It’s just unbelievable how incredibly versatile chives can be. When you have an abundance of plants in your garden you can always make a chive bouquet.

Here’s a wonderful outdoor dining idea: place a chive bouquet in the center of your picnic table or outdoor dining area, the aroma can enhance dishes placed around it!

You can even use them as dried flower arrangements. They are very easy to dry and keep as edible flowers for your salads and soups.

Chives Save Lives: Surprising Medicinal Health Benefits

You may be surprised to find that there is research that supports how chives ease stomach distress, protect against heart disease and stroke and may help the body fight bacteria that can cause disease. In addition, the herb may increase the body’s ability to digest fat.

Therapeutic Effect:The medicinal properties of chives are as varied as their uses in the kitchen. Chives stimulate the appetite and promote good digestion. They can be used to ease stomach upset, clear a stuffy nose, reduce flatulence and prevent bad breath. Combined with a low-salt diet, they help lower high blood pressure. Plus, they have a mild diuretic effect, as well as some antibacterial properties.

Components: Chives are valued for their many essential minerals, including cardiac-friendly potassium, bone-strengthening calcium and blood-building iron. And unlike most other members of the onion family, chives are high in folic acid (a B vitamin), vitamin A and vitamin C. In fact, just 3 ½ ounces of chives supplies enough vitamin C to meet your daily requirement of 60 mg.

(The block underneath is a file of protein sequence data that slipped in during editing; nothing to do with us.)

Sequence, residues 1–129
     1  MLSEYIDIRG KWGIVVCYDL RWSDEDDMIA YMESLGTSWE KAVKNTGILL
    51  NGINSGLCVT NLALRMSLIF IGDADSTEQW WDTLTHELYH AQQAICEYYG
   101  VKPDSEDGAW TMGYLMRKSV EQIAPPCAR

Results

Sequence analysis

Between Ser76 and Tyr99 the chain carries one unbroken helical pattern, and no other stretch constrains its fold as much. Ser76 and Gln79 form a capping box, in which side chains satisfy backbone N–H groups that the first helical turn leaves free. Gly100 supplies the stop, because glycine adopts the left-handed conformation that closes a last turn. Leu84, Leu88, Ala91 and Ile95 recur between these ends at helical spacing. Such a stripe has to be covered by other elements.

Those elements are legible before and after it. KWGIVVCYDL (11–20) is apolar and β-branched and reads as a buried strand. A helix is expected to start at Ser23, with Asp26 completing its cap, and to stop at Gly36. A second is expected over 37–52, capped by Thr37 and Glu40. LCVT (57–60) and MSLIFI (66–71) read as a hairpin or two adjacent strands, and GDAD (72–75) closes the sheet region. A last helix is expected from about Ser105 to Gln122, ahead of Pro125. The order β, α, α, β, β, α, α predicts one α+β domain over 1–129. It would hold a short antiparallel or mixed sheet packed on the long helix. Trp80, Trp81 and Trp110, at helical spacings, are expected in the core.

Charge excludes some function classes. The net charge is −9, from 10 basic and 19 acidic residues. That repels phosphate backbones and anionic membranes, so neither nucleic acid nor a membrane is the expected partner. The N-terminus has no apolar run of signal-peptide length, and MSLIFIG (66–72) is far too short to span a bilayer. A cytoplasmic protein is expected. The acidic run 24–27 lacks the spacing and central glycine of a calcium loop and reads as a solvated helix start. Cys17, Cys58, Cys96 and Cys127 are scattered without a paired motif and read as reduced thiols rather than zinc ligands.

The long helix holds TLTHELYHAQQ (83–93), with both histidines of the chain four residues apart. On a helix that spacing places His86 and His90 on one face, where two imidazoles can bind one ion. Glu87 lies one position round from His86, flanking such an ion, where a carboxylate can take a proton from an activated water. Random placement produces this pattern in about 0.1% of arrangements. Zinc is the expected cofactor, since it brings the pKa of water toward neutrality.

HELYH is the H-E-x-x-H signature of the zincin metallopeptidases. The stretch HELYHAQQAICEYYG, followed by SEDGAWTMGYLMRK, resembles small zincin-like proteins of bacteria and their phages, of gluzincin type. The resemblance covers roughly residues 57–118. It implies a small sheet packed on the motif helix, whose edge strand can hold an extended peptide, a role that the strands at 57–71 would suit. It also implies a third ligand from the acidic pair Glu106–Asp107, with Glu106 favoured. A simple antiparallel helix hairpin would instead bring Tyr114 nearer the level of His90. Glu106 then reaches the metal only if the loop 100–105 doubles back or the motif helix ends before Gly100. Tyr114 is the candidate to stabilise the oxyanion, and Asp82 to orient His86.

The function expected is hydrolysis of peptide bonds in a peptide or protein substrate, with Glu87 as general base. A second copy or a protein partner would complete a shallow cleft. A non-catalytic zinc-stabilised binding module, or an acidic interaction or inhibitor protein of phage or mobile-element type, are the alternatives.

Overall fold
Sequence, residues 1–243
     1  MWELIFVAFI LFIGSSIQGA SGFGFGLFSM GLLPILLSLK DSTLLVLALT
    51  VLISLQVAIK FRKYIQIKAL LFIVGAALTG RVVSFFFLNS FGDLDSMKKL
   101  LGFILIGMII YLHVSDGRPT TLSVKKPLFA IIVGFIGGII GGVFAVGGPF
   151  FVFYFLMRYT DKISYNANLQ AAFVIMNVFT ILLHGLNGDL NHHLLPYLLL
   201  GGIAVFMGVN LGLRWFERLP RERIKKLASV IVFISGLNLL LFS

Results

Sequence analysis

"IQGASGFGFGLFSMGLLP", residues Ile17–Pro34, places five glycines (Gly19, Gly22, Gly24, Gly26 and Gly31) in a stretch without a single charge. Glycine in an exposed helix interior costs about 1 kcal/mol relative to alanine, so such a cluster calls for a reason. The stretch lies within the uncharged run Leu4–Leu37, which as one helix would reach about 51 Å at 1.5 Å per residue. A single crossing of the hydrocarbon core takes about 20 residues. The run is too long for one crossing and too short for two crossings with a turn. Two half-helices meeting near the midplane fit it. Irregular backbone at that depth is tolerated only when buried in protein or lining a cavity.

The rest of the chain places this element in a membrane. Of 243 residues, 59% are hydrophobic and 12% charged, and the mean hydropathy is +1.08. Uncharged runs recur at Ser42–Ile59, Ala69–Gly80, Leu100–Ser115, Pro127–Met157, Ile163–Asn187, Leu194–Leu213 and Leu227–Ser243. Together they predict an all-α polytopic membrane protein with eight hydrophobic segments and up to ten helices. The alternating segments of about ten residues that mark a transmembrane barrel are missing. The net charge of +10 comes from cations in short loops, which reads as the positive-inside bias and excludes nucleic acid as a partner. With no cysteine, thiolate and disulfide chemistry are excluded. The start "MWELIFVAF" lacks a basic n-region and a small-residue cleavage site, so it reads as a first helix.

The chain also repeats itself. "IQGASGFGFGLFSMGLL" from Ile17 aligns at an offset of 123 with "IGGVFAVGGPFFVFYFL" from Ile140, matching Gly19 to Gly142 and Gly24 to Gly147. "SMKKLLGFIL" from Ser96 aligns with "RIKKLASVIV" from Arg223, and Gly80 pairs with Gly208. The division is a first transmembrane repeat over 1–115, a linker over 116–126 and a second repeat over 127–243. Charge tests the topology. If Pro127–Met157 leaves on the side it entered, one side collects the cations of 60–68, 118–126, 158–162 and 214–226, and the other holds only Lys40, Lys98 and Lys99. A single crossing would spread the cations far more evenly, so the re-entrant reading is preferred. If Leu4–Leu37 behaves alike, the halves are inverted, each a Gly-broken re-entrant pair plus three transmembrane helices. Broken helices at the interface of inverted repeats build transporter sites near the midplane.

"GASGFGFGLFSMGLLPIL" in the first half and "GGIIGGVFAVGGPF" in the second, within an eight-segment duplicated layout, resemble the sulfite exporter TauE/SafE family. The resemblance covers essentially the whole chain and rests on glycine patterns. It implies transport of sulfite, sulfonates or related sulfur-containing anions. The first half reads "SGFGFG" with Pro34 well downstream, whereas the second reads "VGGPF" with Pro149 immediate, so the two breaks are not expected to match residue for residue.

Cold Prevention: The high vitamin C content in chives can help prevent colds. They also speed recovery if a cold develops by helping the body to expel mucus; the sulfurous compounds in chives are natural expectorants.

Cholesterol Reduction: Scientific research shows that chives stimulate the body’s digestion of fat. Eaten regularly, chives may help lower blood cholesterol levels.

The Chive Flower: Tastes as Good as It Looks

Here are a few foodie food ideas …

Don’t overlook the chive flower. The chive’s delicate purple flowers have a milder flavor than the leaves and stems and add a decorative touch to salads, herb oils and other dishes.

Chive Flavored Oil: add 1 ½ ounces of chive blossoms to 1 quart of vegetable oil. After a week, the oil will turn lilac and take on the fragrance of the chive flowers. Use the oil on salads or in cooking. Keep it refrigerated when not in use!

Chive Salt: If you like the oniony flavor of chives, make your own Chive Salt to add zip to all sorts of dishes. First, add some chive leaves to some salt. Then bake the mixture in the oven to dry the leaves and blend the flavors. Store in an airtight jar.

Cottage Cheese with Chives

  • 8 ounces of cottage cheese
  • 1 tablespoon of mustard
  • 1 shallot
  • 1 bunch chives
  • 1/2 teaspoon paprika
  • Salt to taste
  • White pepper

1. Blend the cottage cheese and mustard.

2. Peel the shallot, chip finely and mix with the cottage cheese blend.

3. Wash and dry the chives and snip them finely. Stir about two-thirds of the chives into the cottage cheese mixture.

4. Season the cottage-cheese mixture with the paprika and add salt and pepper to taste. Sprinkle the remaining chives on top.

Food & Kitchen Tips